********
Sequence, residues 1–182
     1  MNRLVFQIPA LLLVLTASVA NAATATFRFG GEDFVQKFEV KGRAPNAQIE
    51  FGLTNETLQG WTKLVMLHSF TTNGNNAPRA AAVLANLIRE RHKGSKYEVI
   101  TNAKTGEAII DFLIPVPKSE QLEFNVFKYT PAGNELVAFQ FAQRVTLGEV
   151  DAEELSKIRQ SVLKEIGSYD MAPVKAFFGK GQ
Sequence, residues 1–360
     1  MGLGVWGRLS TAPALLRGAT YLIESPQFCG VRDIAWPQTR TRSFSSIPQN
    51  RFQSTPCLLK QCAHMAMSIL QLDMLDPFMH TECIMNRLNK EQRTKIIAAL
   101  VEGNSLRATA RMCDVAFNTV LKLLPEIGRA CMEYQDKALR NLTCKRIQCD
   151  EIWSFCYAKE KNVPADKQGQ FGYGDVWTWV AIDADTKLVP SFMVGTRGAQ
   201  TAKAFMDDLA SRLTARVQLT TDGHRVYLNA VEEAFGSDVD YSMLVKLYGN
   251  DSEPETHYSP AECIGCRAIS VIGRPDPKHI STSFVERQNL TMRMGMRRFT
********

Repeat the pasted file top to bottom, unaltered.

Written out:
Sequence, residues 1–182
     1  MNRLVFQIPA LLLVLTASVA NAATATFRFG GEDFVQKFEV KGRAPNAQIE
    51  FGLTNETLQG WTKLVMLHSF TTNGNNAPRA AAVLANLIRE RHKGSKYEVI
   101  TNAKTGEAII DFLIPVPKSE QLEFNVFKYT PAGNELVAFQ FAQRVTLGEV
   151  DAEELSKIRQ SVLKEIGSYD MAPVKAFFGK GQ
Sequence, residues 1–360
     1  MGLGVWGRLS TAPALLRGAT YLIESPQFCG VRDIAWPQTR TRSFSSIPQN
    51  RFQSTPCLLK QCAHMAMSIL QLDMLDPFMH TECIMNRLNK EQRTKIIAAL
   101  VEGNSLRATA RMCDVAFNTV LKLLPEIGRA CMEYQDKALR NLTCKRIQCD
   151  EIWSFCYAKE KNVPADKQGQ FGYGDVWTWV AIDADTKLVP SFMVGTRGAQ
   201  TAKAFMDDLA SRLTARVQLT TDGHRVYLNA VEEAFGSDVD YSMLVKLYGN
   251  DSEPETHYSP AECIGCRAIS VIGRPDPKHI STSFVERQNL TMRMGMRRFT